CLEVELAND – New research published in the Journal of the American College of Cardiology shows the use of drug-coated balloons is an optimal approach compared to bare metal stents in treating femoropopliteal lesions.
In the paper entitled “Drug-coated Balloons versus Bare Metal Stents in Femoropopliteal Lesions: Three-Year Results of Prospective, Multicenter Studies” researchers reported outcomes testing drug-coated balloons (DCB) versus bare metal stents (BMS) in a propensity-adjusted, pooled analysis of four prospective, multicenter trials.
“While stents provide immediate scaffolding and excellent periprocedural luminal gain in femoropopliteal artery lesions, in-stent restenosis can worsen outcomes and challenge subsequent treatment,” said lead author Mehdi Shishehbor, DO, MPH, PhD, President of University Hospitals Harrington Heart & Vascular Institute, and Angela and James Hambrick Chair in Innovation. “Endovascular treatment of femoropopliteal artery disease has shifted toward drug-coated balloons, but there wasn’t much data available regarding the safety and efficacy of this approach compared to bare metal stents.”
The primary analysis included 771 patients, 288 treated with DCB and 483 treated with BMS. The IPTW-adjusted Kaplan-Meier estimates of 12-month primary patency was 90 percent for DCB and 80 percent for BMS. DCB fare better for clinically driven target lesion revascularization at 85 percent compared to 73 percent with BMS. DCB had a 25 percent cumulative incidence of 36-month major adverse events (MAE) while BMS had 38 percent. There were no statistically significant differences observed in all-cause mortality, target limb major amputation, or thrombosis through 36 months.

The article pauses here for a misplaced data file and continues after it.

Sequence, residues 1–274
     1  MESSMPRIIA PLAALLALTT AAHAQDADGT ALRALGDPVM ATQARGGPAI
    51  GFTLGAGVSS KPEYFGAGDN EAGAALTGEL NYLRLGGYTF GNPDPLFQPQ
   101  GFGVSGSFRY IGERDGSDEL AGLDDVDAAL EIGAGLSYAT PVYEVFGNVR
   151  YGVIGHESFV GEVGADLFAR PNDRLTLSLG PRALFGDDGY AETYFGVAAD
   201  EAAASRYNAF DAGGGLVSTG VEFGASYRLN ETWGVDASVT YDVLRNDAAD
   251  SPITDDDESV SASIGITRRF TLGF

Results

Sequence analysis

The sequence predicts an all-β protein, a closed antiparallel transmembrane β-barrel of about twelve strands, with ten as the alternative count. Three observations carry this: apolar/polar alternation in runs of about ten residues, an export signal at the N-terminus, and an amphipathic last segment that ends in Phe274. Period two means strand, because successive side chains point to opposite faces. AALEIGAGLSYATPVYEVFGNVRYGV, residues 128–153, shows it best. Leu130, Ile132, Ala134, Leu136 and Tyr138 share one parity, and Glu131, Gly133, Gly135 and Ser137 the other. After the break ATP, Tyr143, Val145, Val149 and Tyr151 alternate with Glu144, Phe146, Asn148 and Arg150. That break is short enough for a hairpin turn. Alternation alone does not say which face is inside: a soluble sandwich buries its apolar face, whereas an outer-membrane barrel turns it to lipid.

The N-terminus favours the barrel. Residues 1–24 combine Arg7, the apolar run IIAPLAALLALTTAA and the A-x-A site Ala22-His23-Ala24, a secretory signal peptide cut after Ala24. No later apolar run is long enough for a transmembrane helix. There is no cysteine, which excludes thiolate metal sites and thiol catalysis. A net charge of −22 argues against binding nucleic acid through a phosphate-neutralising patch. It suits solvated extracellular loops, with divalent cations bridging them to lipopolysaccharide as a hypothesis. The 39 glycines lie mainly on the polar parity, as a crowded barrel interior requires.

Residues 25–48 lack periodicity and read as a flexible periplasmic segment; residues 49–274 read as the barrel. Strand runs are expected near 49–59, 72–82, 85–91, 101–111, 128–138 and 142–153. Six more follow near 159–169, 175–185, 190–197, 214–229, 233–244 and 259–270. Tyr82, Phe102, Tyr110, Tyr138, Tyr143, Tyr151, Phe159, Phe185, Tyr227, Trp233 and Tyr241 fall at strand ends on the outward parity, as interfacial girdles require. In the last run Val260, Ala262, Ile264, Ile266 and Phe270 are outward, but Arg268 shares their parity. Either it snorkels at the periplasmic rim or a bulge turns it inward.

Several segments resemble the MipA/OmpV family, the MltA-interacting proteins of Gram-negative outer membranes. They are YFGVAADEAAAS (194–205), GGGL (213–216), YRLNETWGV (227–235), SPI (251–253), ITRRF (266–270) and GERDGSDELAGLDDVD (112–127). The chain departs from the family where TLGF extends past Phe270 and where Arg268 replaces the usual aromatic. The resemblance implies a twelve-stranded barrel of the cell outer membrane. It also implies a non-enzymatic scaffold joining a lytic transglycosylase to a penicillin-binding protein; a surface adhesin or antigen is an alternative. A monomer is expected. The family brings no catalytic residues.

With significantly higher 12-month patency and freedom from 36-month clinically driven reintervention and MAE, and no statistically significant differences in 36-month all-cause mortality, amputation, or thrombosis observed, these results support the use of DCB over BMS in femoropopliteal lesions amenable to both treatments.
“This research clearly shows what approach will have the most success in our patients which is what we set out to discover,” said Dr. Shishehbor.
“Drug-coated Balloons versus Bare Metal Stents in Femoropopliteal Lesions: Three-Year Results of Prospective, Multicenter Studies” is available to read in its entirety in the Nov. 1, 2022 online issue of Journal of the American College of Cardiology.
About University Hospitals / Cleveland, Ohio
Founded in 1866, University Hospitals serves the needs of patients through an integrated network of more than 20 hospitals (including 5 joint ventures), more than 50 health centers and outpatient facilities, and over 200 physician offices in 16 counties throughout northern Ohio. The system’s flagship quaternary care, academic medical center, University Hospitals Cleveland Medical Center, is affiliated with Case Western Reserve University School of Medicine, Oxford University and the Technion Israel Institute of Technology. The main campus also includes the UH Rainbow Babies & Children's Hospital, ranked among the top children’s hospitals in the nation; UH MacDonald Women's Hospital, Ohio's only hospital for women; and UH Seidman Cancer Center, part of the NCI-designated Case Comprehensive Cancer Center. UH is home to some of the most prestigious clinical and research programs in the nation, with more than 3,000 active clinical trials and research studies underway. UH Cleveland Medical Center is perennially among the highest performers in national ranking surveys, including “America’s Best Hospitals” from U.S. News & World Report. UH is also home to 19 Clinical Care Delivery and Research Institutes. UH is one of the largest employers in Northeast Ohio with more than 30,000 employees. Follow UH on LinkedIn, Facebook and Twitter. For more information, visit UHhospitals.org.
Journal of the American College of Cardiology
Drug-coated Balloons versus Bare Metal Stents in Femoropopliteal Lesions: Three-Year Results of Prospective, Multicenter Studies
Article Publication Date